Take email, for instance. It’s an excellent way of communicating to a large group of people at once, and it’s instant. But how many employees, do you suppose, groan and reach for ‘delete’ when yet another email from the chief executive’s office pings into their inbox? The fastest way to lose your employees’ interest – and their respect – is to send out endless dull missives.
Greg Dyke was one of the few leaders we spoke to who favoured email communication as a way of keeping in touch with his thousands of staff while director-general of the BBC, but the crucial point is that Dyke is a writer by trade. While at the BBC he made sure that any email he sent out was to the point, entertaining, and written only by him. ‘Email is wonderful in many ways,’ he says. ‘It takes no time to send out a “well done” message to everyone when something has gone well, and that can really pay dividends.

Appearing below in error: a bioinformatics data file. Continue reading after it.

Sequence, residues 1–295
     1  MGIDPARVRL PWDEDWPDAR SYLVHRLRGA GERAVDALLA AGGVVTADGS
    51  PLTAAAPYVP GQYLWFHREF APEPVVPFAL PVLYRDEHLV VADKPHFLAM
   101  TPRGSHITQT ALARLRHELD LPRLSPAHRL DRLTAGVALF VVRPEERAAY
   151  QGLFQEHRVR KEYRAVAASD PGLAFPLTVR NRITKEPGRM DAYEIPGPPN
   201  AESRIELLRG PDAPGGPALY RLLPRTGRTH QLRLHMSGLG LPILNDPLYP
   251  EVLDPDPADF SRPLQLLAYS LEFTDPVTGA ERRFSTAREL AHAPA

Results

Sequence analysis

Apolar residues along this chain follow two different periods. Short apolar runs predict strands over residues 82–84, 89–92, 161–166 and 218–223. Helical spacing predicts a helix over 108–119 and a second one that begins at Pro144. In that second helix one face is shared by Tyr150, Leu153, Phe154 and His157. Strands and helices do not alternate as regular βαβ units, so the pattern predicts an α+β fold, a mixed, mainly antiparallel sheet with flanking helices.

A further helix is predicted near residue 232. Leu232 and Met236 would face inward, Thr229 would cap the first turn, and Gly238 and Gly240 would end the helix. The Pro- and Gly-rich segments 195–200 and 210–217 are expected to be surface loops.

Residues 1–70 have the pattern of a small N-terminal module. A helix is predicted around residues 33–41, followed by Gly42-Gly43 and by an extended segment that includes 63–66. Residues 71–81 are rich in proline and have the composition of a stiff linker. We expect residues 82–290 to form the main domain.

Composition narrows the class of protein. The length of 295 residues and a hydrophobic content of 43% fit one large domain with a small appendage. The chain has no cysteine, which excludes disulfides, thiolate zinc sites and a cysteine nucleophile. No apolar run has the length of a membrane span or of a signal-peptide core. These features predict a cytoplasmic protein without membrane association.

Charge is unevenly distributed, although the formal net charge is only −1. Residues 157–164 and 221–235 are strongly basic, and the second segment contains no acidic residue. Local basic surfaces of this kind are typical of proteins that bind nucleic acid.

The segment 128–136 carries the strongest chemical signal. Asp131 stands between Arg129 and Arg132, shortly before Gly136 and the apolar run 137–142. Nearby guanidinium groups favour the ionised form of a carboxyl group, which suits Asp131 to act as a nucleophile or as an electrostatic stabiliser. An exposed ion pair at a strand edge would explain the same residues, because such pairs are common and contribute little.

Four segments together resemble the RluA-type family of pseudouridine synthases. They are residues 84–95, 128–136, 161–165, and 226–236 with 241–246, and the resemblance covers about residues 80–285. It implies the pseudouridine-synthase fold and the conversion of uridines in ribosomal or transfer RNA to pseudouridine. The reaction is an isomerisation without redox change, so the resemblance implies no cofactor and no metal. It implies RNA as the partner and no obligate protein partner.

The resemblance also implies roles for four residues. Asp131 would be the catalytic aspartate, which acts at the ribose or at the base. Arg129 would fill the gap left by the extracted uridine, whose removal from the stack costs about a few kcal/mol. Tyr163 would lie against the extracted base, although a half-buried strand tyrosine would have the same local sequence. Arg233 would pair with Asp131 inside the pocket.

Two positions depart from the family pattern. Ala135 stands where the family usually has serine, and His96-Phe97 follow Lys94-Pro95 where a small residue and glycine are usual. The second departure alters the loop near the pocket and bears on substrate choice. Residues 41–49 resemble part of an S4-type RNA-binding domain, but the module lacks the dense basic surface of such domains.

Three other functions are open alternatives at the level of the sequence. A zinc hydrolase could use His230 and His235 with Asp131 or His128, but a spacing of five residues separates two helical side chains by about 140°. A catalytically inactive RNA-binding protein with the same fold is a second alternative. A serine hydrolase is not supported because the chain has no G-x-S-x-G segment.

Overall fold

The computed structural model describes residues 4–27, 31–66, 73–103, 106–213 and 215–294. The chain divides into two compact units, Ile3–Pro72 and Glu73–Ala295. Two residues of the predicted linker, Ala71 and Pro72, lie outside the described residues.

‘The problem is that some people don’t communicate - they send out boring stuff,’ he says. ‘If you send out messages that are full of management gobbledygook or something turgid about what happened last week, you are dead. No-one will read it and once they stop, in an organisation of that size you have no impact on them as a leader.’
Perhaps the most important point is that there is a world of difference between information and communication. Communication has to be two-way. ‘Telling is not sharing,’ says Kevin Roberts, worldwide chief executive of Saatchi & Saatchi. ‘Most of the corporate communication I see is one way – from the big shots to the little shots. I want people to ask me, tell me, say what they think.’
While Roberts makes intensive use of technology to communicate with his 7,000 employees in 83 countries – he write a regular blog, has his own website and makes videos for the group’s intranet – he stresses that there is no substitute face-to-face contact. ‘I spend around 250 days of the year on the road,’ he says, ‘and visit around 40 offices a year. I take part in a lot of Q&A sessions and people can also take part in Q&As on my website. Technology is so interactive these days, it makes it easier to stay in touch.’